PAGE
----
Kristoffer Vitting-Seerup:
Transcriptional diversity and regulation across time and states

Date: 30-09-2016    Supervisor: Albin Sandelin

Originally the production of RNA copies from genes was thought to serve just as an intermediary step in the production of proteins. This view has however drastically changed with the emergence of several important functions of RNA. It has been found that the production of RNA also serves as to increase the functional output of our genomes via the production of multiple transcriptional isoforms from a single gene. Usage of different isoforms in different conditions, both within a single gene and at genome wide scales, is known to have substantial biological impact caused by the difference in functional potential of the isoforms. It is for example widely known that during maturation of male germ cells an essential feature is the usage of a set of shorter isoforms. Furthermore many changes of isoform usage in single genes, often referred to as isoform switches, are highly important in both health and disease and can for example by themselves drive tumor formation. Unfortunately many researches are generally not considering isoforms when analyzing gene expression data leaving a large gap in our understanding of transcriptional output.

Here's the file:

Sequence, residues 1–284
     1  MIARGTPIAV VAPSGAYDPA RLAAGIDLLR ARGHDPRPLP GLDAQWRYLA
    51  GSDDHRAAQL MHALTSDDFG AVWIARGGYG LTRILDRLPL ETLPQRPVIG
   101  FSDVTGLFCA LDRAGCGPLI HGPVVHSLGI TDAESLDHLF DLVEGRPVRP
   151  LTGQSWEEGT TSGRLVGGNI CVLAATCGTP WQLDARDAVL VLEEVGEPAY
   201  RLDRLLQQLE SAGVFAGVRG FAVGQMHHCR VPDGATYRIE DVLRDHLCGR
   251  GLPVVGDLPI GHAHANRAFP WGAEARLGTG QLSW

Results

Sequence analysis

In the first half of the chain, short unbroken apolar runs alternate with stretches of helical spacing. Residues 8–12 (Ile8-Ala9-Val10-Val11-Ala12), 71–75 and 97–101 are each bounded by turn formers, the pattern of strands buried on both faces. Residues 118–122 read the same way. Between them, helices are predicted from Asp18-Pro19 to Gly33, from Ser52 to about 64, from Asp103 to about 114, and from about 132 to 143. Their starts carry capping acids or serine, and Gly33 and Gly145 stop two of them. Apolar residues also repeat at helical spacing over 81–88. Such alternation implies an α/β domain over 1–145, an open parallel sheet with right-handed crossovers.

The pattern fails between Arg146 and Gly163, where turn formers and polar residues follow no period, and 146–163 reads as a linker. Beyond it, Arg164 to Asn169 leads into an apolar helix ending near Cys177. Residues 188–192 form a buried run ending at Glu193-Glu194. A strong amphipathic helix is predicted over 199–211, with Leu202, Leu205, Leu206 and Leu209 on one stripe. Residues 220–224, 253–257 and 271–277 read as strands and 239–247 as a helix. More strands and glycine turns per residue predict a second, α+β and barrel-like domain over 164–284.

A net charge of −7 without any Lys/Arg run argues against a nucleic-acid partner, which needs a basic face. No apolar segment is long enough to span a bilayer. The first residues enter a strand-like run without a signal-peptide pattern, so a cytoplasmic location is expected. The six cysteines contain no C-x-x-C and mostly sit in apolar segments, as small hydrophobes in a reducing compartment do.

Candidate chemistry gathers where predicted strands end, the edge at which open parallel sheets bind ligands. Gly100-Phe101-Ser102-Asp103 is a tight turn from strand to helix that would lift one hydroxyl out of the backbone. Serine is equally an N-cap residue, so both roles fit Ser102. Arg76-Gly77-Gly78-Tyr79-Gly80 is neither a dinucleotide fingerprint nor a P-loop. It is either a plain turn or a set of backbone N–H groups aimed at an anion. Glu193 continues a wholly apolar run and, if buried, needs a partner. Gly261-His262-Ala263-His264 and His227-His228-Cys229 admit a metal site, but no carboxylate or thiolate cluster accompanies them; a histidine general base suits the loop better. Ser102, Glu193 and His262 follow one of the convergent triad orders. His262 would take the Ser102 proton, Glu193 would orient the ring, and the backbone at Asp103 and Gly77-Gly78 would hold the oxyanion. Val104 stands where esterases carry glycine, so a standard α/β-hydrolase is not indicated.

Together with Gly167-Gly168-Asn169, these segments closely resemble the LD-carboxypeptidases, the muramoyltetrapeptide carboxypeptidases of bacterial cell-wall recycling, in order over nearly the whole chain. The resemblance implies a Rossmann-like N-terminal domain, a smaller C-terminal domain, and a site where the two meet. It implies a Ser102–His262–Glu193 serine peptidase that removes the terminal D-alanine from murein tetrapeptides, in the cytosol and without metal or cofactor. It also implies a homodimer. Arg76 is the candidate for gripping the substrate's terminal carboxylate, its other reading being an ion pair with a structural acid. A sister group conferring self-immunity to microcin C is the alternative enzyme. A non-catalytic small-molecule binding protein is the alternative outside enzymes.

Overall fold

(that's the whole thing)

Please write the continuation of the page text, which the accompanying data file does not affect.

Another recent finding is that an essential part of gene regulation, termed enhancers, produces RNA molecules when they are active. This has resulted in many studies offering tremendous insights into the regulatory mechanisms controlling gene expression. The studies have however almost exclusively analyzed steady states - meaning how a signal to start transcription is transferred through the regulatory levels is currently unknown.

In this thesis we have utilized high-throughput sequencing of RNA to perform genome wide analysis of transcriptional diversity and regulation across time and states. Specifically we have developed computational tools for both genome wide analysis of usage of isoforms (Article I) as well as for analysis of differential isoform usage in individual genes (Article IV). These tools have been used to extensively profile transcriptional diversity in both health and disease (Article II-IV) highlighting the importance of resolution analysis. Lastly we have used time-course data to perform an analysis of gene regulation in unprecedented details. The analysis resulted in a model where regulatory signals are deciphered first at enhancers and then subsequently in genes (Article V). This model, which is consistent across different stimuli and species, highlights the pivotal role of enhancers in the regulation of genes.